On reaching Basarkod, we saw the cattle grazing in the barren fields and hills. Perhaps a buffalo among them welcomed our she-buffalo. Listening to it, our she-buffalo shook off and started running vigorously. Aayee was right behind it. I was quite far from her.
As Aayee went farther and farther, my cries peaked and grew audible enough. Because of the fear of losing Aayee, the chappals in my hand would not come to the feet even though there were thorns. The cry intensified when the thorns pricked. Aayee did not mind the she-buffalo sprinting, she only wished there had been a male buffalo in the herd. But she was disappointed.
We stood near the back door of Desai’s house with our she-buffalo. Perhaps there too the politics of ’servant¬¬¬-kings’ was too much. What happened in Kuntoji was repeated here. The local proverb ‘Banda daarige sunkavilla’ (’No profit, not even to pay tariff’) proved true. So we began our journey back home with our she-buffalo in tow. It seems somebody told Aayee something there. Our route took a turn towards Desai’s farm. We walked a little and waited there.
We spoke a little. The sunlight was dimming. Darkness was spreading quickly all around. The village cattle were homebound. Perhaps Desai’s cattle were starting from the farm towards their shed. Their cattle walked past us. The she buffalo’s agitation and disentangling had already begun. The he-buffalo among the cattle initiated the proposal. Our buffalo was trying hard to escape from the thick rope around its neck. Aayee started ‘boo-booing’. Our buffalo ran all of a sudden. Aayee’s voice reached a crescendo. The fellow grazing the cattle looked once at Aayee and again at his cattle. By then his buffalo had slipped out of his clutches.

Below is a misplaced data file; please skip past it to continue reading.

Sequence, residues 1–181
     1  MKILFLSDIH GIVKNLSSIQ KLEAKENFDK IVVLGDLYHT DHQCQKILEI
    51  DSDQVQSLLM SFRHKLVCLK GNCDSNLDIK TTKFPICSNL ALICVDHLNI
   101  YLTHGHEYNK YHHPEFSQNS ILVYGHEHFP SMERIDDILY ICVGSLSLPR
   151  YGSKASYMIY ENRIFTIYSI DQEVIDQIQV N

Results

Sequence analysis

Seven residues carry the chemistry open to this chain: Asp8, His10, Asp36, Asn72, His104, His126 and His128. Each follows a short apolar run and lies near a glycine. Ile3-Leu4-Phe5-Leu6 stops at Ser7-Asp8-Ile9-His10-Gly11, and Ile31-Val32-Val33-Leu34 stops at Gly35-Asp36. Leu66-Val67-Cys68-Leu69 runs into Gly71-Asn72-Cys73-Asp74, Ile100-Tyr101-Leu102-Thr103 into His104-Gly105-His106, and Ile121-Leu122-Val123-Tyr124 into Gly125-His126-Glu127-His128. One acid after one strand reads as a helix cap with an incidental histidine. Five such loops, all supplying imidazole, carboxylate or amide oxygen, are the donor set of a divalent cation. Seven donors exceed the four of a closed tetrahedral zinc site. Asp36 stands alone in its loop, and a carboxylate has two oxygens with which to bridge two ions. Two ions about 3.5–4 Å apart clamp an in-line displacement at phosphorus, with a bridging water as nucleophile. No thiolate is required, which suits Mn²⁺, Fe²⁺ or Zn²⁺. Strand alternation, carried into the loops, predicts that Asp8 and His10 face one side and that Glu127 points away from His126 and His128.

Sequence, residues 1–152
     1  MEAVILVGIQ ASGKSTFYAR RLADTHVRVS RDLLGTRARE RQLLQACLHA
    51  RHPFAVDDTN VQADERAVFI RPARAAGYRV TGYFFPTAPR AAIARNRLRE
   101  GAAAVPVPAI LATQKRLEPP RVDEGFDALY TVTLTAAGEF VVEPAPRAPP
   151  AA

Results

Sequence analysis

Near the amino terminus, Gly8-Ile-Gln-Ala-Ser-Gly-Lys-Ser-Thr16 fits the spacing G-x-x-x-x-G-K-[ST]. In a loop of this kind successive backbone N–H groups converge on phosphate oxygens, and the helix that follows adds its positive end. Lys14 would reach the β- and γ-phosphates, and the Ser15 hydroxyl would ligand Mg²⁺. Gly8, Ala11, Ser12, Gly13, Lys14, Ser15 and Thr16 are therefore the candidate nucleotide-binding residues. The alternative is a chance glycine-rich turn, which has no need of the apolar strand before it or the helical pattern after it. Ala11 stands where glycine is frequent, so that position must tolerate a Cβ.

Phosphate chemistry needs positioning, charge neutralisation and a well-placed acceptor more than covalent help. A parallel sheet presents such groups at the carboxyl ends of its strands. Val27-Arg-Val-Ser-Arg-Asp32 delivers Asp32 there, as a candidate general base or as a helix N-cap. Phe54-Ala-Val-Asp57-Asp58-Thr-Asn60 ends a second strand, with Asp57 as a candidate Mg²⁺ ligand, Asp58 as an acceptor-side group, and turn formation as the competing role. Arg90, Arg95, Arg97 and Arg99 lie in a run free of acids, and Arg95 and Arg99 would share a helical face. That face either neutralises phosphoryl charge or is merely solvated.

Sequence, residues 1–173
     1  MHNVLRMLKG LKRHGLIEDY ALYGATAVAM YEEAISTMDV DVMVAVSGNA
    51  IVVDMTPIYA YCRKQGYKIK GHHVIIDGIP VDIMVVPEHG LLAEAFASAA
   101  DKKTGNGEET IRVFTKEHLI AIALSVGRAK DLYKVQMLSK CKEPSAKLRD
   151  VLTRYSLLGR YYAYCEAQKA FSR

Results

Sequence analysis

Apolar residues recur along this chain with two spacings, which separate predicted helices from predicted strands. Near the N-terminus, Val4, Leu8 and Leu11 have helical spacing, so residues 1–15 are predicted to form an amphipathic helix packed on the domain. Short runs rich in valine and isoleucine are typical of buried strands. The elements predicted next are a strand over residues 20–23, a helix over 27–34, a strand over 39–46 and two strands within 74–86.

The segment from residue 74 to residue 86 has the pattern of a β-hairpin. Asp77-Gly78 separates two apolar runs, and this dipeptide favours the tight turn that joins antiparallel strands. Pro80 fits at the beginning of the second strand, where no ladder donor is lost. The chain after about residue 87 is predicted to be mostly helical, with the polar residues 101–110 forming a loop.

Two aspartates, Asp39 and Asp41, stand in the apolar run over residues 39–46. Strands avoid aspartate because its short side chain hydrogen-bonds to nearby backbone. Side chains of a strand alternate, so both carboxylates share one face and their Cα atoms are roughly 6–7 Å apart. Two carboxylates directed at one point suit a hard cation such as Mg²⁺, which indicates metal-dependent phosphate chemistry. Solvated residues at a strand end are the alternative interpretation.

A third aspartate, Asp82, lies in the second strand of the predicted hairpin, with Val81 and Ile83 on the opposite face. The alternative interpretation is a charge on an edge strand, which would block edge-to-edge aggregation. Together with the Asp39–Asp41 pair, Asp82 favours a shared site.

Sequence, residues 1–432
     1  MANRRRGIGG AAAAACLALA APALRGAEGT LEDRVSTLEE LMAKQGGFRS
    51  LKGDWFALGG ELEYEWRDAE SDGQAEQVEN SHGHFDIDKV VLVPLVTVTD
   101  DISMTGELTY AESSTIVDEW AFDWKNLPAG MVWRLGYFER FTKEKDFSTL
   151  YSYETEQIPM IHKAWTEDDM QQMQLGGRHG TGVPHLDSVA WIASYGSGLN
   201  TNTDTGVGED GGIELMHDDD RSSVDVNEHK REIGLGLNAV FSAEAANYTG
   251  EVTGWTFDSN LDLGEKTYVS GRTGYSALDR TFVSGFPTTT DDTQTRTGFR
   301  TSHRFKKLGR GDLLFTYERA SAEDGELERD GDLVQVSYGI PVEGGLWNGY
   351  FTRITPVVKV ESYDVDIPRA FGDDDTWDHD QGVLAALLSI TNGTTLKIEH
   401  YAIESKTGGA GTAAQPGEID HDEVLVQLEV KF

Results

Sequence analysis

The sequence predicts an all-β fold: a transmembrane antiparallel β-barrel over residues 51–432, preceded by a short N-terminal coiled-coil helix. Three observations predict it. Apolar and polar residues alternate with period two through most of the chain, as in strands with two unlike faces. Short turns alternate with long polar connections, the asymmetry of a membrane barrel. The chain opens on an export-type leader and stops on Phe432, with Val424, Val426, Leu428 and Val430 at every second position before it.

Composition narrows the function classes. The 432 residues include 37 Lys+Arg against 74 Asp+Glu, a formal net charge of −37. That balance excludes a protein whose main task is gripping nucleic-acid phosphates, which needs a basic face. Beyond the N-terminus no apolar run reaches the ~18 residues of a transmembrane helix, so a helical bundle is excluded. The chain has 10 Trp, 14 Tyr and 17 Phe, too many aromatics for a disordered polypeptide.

Aayee took note of my weeping voice and started consoling me in a tone different from the earlier one. Aayee might have let go of the buffalo deliberately. The she-buffalo ran faster. The he-buffalo that escaped from the youth’s hand followed it at the same speed. Perhaps the cattle-herd had no mind to run behind it leaving the rest of the cattle. The fellow followed the he-buffalo for a while. When it became futile, he began staring at granny.
Though it was getting dark, we made several trips to Desai’s house and farm searching for our buffalo. We did not spot it, nor did we know where it went. Finally, we started towards home, dragging our feet. When we woke up the next morning, our buffalo was standing in our backyard with Desai’s he-buffalo.
How can a society that does not let even the creations of Vishwamitra make love naturally give a chance to ‘human lovers’ to meet? That is perhaps the reason for the story of Maramma and the buffalo having such a wide appeal.
(Translated by Janet Vucinich, Dharani Devi Malgatti, and N. Subramanya)